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Verona Courses – 2022 Spring

Studying abroad can be a more meaningful and invigorating learning experience than at home—both inside and outside of the classroom. You may be more curious and alert than you usually are so use this heightened energy to enhance your studies as well as your cultural and geographical explorations. You may also encounter different teaching styles and course processes; be prepared to adapt and to learn.

Academics

You will enroll in 12 to 18 credits per semester comprised of Italian language courses plus electives in business, fashion, management, hospitality, and Italian studies. Course availability is contingent upon student enrollment and is subject to change.

Click the course title to view course details, description, and availability.

Italian Language Studies

All students are required to spend the beginning of the fall and spring semesters taking an intensive six-week Italian language course, which allows for rapid acquisition of language and culture. Language courses generally have a maximum enrollment of 15 students each, but may vary by level. All language courses focus on the skills of speaking, reading, writing, and listening. You may choose one of the following courses:

  • Fall
    Italian 100-level 4 credits Taught in Italian
    Spring
    Italian 100-level 4 credits Taught in Italian

    This course offers an introduction to the Italian language with a focus on the development of language skills and structural analysis, as well as an introduction to Italian culture.

  • Fall
    Italian 200-level 3 credits Taught in Italian
    Spring
    Italian 200-level 3 credits Taught in Italian

    Intended to further develop Italian language skills, both oral and written. Conversation, reading, and writing focus on culture and modern literature. Particular emphasis on oral skills.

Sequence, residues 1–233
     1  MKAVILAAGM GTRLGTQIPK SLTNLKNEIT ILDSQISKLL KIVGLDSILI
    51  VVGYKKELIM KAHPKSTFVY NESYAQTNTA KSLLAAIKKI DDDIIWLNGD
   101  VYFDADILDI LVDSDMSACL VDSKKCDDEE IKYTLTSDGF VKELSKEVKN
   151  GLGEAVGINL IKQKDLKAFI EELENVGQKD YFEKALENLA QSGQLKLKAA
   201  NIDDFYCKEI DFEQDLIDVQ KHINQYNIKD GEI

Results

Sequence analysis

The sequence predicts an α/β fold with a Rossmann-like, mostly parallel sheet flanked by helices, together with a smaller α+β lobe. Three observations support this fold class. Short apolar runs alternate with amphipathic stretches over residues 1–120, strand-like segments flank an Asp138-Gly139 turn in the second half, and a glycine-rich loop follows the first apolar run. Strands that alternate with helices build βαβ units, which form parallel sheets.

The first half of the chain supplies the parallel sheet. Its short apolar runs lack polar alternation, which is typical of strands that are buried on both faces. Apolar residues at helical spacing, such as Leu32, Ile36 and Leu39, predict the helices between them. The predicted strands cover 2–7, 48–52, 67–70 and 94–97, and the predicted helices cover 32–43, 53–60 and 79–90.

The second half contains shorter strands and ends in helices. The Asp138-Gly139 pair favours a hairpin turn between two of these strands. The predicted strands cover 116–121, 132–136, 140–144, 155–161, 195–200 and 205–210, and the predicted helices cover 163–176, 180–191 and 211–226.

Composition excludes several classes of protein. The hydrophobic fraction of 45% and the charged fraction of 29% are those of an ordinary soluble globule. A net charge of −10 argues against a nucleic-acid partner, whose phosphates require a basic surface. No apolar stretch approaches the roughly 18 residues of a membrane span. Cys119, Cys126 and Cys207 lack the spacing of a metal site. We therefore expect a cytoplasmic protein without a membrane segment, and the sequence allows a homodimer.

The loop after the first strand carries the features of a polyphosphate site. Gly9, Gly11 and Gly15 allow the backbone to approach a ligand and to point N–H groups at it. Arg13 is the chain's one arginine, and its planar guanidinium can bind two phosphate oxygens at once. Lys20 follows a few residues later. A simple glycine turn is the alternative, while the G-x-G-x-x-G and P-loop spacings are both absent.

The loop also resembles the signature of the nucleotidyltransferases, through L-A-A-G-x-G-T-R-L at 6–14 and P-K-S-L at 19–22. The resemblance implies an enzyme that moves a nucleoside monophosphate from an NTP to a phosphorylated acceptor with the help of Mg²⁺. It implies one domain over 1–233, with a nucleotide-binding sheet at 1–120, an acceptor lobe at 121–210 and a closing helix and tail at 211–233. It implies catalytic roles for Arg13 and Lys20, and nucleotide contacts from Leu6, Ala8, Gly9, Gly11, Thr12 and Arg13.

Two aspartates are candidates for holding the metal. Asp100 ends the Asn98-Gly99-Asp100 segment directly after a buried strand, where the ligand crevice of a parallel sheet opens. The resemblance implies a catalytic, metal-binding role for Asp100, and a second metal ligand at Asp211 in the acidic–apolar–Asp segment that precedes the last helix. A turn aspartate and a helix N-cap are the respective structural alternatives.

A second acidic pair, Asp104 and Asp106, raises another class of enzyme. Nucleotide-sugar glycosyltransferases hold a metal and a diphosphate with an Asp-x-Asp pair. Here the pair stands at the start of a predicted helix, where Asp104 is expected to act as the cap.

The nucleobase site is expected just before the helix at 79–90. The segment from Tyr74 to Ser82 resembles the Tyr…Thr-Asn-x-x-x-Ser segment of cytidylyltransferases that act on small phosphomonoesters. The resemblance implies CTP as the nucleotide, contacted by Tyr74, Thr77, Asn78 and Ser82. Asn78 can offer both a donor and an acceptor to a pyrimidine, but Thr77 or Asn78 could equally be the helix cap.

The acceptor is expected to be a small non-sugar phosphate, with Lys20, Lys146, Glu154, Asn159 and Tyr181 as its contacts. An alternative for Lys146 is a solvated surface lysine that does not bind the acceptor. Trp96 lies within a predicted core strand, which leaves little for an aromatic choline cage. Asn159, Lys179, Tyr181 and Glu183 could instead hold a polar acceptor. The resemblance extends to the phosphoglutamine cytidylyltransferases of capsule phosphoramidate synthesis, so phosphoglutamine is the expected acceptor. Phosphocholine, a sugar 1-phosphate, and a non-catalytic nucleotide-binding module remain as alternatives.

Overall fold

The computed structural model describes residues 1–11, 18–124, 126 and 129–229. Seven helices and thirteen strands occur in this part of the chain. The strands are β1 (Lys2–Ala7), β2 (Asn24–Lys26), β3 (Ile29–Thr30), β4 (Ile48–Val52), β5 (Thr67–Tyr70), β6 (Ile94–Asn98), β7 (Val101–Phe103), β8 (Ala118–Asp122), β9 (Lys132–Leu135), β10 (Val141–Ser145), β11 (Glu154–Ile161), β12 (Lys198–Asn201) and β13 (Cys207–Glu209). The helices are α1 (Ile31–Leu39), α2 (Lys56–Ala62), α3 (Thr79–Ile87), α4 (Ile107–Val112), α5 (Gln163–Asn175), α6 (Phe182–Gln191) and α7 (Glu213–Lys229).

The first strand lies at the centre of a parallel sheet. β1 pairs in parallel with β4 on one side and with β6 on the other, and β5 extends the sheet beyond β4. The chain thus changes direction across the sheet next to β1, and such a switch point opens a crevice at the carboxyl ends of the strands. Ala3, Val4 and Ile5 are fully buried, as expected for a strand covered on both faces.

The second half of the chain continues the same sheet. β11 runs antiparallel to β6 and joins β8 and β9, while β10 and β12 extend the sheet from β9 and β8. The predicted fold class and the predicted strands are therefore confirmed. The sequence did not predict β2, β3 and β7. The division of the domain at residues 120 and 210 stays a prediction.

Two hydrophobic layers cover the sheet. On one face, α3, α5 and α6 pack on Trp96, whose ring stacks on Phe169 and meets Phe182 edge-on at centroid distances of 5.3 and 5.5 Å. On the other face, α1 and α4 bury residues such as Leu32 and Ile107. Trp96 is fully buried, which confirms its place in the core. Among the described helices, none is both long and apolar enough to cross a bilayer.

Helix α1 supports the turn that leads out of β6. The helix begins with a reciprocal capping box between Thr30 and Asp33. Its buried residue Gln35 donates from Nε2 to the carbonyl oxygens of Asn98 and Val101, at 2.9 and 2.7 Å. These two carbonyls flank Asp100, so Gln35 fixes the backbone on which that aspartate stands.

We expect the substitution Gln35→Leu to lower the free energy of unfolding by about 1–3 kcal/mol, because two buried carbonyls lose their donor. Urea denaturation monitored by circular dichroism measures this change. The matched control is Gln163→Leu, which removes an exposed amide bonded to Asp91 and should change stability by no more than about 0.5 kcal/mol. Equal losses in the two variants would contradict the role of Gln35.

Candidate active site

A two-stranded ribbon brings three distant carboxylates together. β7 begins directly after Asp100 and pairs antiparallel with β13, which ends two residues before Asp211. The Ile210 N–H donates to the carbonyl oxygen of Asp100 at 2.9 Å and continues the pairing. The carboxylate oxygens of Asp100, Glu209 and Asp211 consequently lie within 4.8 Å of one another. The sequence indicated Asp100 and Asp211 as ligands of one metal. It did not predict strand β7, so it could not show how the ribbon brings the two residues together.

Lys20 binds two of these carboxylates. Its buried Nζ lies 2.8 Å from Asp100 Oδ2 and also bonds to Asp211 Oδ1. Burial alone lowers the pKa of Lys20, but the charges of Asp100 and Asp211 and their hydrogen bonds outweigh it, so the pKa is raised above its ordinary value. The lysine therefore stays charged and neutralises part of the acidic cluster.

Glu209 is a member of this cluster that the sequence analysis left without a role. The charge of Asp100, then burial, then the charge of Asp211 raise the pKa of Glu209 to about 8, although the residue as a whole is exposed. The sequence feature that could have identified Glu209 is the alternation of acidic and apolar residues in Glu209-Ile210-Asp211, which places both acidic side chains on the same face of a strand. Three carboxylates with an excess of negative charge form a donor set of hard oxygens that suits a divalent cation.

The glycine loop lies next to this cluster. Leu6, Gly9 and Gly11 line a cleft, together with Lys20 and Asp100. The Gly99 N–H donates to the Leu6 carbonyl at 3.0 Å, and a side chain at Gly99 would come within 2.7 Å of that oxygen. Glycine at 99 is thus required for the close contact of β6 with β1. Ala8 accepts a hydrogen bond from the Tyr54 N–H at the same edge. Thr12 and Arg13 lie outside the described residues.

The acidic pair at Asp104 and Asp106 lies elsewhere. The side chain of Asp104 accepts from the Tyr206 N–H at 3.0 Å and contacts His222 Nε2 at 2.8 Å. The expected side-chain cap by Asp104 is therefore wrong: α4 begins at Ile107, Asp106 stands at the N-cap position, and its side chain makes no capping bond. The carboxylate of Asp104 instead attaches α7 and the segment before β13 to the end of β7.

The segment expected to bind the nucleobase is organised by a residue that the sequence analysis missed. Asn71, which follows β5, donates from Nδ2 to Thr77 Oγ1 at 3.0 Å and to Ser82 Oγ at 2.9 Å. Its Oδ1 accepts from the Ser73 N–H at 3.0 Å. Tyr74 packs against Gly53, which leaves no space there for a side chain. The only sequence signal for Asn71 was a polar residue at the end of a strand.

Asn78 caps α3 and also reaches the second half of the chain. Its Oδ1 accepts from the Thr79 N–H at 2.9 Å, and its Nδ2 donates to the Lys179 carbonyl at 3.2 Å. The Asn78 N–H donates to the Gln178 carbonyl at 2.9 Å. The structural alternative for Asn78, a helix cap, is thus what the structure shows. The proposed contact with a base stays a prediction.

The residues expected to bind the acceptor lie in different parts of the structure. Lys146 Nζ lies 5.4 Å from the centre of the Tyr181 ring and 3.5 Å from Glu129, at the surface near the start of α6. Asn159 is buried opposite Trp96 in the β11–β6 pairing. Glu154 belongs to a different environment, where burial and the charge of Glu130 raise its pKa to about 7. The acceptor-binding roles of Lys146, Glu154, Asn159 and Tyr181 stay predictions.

Taught during the intensive language period.

    Prerequisite: two semesters of college-level Italian

After the intensive period, students have the option to take one additional language course. You may choose from the following:

  • Fall
    Italian 100-level 4 credits Taught in Italian
    Spring
    Italian 100-level 4 credits Taught in Italian

    This course is designed to help learners of Italian develop basic communicative competence and critical thinking skills. It offers an intensive study and practice of the productive and receptive language skills in the oral and written modes. The main emphasis of this course is on communication.

    Prerequisite: one semester of college Italian, or equivalent

  • Fall
    Italian 200-level 3 credits Taught in Italian Cancelled
    Spring
    Italian 200-level 3 credits Taught in Italian

    Intended to further develop Italian language skills, both oral and written. Conversation, reading, and writing focus on culture and modern literature. Particular emphasis on oral skills.

    Prerequisite: three semesters of college-level Italian

Fall Semester

International Business, Tourism, and Italian Studies

The following courses are designed to familiarize you with the region, International Business, Tourism, and Italian Studies as well as provide a multi-disciplinary approach to your studies.

  • Fall
    General Business Marketing 300-level 3 credits Taught in English

    This course develops students’ understanding of marketing and management in the fashion industry. Students will improve their knowledge and skills in brand development, creativity, innovation, maintaining interpersonal relationships in a competitive environment, and strategizing to produce positive outcomes through consumer demographics and consumer spending habits. This course will also explore topics related to entrepreneurship and corporate social responsibility.

  • Fall
    Anthropology Nutrition 300-level 3 credits Taught in English
    Spring
    Anthropology Nutrition 300-level 3 credits Taught in English

    Food is a topic with which every student of every ethnicity has personal experience; it is so common that its cultural connotations tend to be overlooked. Food is often an area related to strong identity, whether positive or negative, of one’s ancestry. Cuisines are not just about sustenance, but also about cultural symbols that bind together people in ritual and as a community. How one participates in the act of eating (when/how) and why certain foods are to be prepared are learned and understood at the table.